One of the biggest road blocks to recovery for many veterans is getting past the stigma of asking for help. It’s tough enough when you clearly have a visible injury, after so many physical training sessions or field training exercises with your first sergeant encouraging you to push through the pain and “toughen up.” But when it’s an injury that cannot be seen on the outside, it’s more challenging to mentally grab the strength needed to ask for help.
I’ll never forget breaking my big toe while serving overseas. Silly, I know; with just a bandage around it, the small yet painful injury wasn’t apparent to passersby, fully hidden by steel-toed work boots. I felt guilty when chow hall workers helped me carry my lunch tray while it didn’t really look like I needed it. That temporary “boo-boo” is long gone. Still here and still unseen though, are the deep and painful wounds traumatic brain injury (TBI) victims continue to endure.
One TBI survivor, retired Army Major Ben Richards, was finally recognized with the Purple Heart Sunday at “D.C. Stands for the Troops,” at the George Washington University’s Lisner Auditorium. The evening of music and comedy, benefitting the non-profit Stand for the Troops’ Rescue Coalition, began with retired Army General Peter W. Chiarelli presenting Richards with the award recognizing the not-readily-seen wounds he received due to concussions suffered from repeated head injuries while in Iraq in 2007.
Chiarelli has long worked to reduce suicide rates in the Army, going so far as to drop the word “disorder” from post-traumatic stress disorder (PTSD). PTSD has stood in the military, but not in the medical community overall. Some psychiatrists and Chiarelli have adopted “post-traumatic stress injury.”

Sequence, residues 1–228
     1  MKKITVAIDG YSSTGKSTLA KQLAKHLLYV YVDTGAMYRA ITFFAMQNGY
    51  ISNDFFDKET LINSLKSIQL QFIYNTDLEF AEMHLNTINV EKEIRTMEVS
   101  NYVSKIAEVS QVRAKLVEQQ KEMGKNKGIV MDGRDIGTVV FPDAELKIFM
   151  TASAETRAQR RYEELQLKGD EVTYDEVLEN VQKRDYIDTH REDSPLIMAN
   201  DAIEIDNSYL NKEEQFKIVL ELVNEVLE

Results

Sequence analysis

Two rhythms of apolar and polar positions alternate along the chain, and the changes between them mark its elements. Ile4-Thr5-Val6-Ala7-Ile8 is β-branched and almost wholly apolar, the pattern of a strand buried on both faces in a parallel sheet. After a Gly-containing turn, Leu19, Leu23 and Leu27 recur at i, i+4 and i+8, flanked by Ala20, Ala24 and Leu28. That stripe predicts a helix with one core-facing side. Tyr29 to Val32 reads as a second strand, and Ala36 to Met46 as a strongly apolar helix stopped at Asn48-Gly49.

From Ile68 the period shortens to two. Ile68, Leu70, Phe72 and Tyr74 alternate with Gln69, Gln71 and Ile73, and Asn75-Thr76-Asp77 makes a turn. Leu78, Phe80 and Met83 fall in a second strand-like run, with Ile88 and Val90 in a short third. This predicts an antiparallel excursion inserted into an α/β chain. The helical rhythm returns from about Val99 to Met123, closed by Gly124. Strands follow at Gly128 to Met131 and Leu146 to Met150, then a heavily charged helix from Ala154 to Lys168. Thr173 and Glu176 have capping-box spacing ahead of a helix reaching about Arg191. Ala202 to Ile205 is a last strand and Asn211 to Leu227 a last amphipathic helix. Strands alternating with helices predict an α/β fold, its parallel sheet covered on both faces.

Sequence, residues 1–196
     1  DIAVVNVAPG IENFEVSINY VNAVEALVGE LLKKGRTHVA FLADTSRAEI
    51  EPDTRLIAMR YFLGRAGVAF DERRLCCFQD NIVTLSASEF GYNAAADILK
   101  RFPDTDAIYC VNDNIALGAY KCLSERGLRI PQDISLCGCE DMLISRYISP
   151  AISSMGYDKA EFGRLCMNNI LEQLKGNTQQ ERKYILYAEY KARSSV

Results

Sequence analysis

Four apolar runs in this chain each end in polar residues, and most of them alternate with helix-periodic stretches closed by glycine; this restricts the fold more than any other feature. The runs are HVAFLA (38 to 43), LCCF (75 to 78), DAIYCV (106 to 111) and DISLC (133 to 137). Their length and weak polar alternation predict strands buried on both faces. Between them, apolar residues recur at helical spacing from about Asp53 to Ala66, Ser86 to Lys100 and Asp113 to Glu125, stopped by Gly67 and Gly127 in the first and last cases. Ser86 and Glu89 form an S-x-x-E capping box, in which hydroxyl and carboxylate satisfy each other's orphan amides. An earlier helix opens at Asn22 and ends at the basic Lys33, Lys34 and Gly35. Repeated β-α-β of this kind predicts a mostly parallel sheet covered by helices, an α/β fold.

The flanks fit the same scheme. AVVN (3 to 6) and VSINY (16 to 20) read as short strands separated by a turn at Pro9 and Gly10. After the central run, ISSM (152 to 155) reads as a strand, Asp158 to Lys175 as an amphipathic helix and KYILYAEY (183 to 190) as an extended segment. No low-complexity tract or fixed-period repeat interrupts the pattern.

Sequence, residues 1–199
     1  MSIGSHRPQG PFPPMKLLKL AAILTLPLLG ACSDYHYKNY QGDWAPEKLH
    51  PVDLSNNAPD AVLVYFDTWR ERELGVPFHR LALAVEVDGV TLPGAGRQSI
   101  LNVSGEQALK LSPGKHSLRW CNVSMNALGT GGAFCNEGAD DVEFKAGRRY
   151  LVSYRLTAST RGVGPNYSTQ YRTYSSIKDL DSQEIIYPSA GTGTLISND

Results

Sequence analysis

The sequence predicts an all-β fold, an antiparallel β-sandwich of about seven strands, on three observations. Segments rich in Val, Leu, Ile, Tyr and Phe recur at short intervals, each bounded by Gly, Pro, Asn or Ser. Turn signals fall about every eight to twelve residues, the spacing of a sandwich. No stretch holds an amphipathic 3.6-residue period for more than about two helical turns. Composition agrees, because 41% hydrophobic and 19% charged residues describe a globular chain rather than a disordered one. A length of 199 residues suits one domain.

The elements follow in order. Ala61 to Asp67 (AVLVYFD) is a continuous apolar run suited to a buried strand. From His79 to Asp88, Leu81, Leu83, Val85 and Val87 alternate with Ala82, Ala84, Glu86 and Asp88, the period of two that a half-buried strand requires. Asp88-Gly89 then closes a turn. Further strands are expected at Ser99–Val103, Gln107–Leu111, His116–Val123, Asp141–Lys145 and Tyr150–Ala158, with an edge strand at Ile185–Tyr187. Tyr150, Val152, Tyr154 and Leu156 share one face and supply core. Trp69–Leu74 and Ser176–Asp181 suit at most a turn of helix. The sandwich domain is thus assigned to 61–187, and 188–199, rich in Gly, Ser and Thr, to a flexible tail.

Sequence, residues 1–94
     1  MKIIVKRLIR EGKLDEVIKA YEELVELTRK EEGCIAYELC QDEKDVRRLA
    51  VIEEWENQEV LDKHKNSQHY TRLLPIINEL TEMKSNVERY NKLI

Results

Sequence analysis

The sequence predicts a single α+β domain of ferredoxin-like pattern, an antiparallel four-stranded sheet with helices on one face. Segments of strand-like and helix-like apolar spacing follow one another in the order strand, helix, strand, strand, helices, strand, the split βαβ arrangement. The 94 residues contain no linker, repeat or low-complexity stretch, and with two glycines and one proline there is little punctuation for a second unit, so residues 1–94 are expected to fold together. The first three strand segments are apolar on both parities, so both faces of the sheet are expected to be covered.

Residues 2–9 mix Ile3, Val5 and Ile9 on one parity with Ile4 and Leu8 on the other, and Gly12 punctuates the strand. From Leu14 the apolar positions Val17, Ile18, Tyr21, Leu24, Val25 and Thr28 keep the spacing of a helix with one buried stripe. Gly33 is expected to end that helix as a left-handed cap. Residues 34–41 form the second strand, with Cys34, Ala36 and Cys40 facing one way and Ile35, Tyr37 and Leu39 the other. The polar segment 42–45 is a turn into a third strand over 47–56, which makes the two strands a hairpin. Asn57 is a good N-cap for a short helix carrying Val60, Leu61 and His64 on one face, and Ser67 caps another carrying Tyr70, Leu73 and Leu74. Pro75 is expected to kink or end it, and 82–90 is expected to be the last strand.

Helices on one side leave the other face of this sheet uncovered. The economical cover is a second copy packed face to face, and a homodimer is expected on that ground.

Whatever the term, conquering the mountain of stigma that stops vets from seeking help is the first step. Before their calming tune, “Guinevere,” Robin Batteau, of folk duo Buskin and Batteau, compared the famous “I am Spartacus” movie scene to all veterans stepping into a shrink’s office, so there will be no more stigma associated with getting help.
Other performances included soulful songs by Tom Prasada-Rao and Les Paul-tinged vocal and instrumental jazz grooves from the Bucky Pizzarelli and Ed Laub duo. After intermission, the audience had a laugh break from Saturday Night Live alum Jim Breuer, who performed his famous “goat boy” and other impressions, but won over vets of all ages with funny tales of taking care of his aging father, a World War II veteran.
The evening finished with a long set by Michael and Kevin Bacon, The Bacon Brothers. Kevin is well known as the subject of the movie trivia game, “Six Degrees of Kevin Bacon,” but more apropos to this evening were his silver screen roles including A Few Good Men, Apollo 13, and the HBO drama Taking Chance, about a Marine who escorted a fallen Marine’s body to his hometown from the Iraq War. This pro bono appearance was a fantastic opportunity to catch them before their two scheduled June performances in Alexandria, one of which is already sold out.
Awareness of the long-term effects of TBI has grown in the Army lately. To see just how serious the current Vice Chief of Staff of the Army takes this issue, take a look at our Q&A in the current issue of Ground Combat Technology. ♦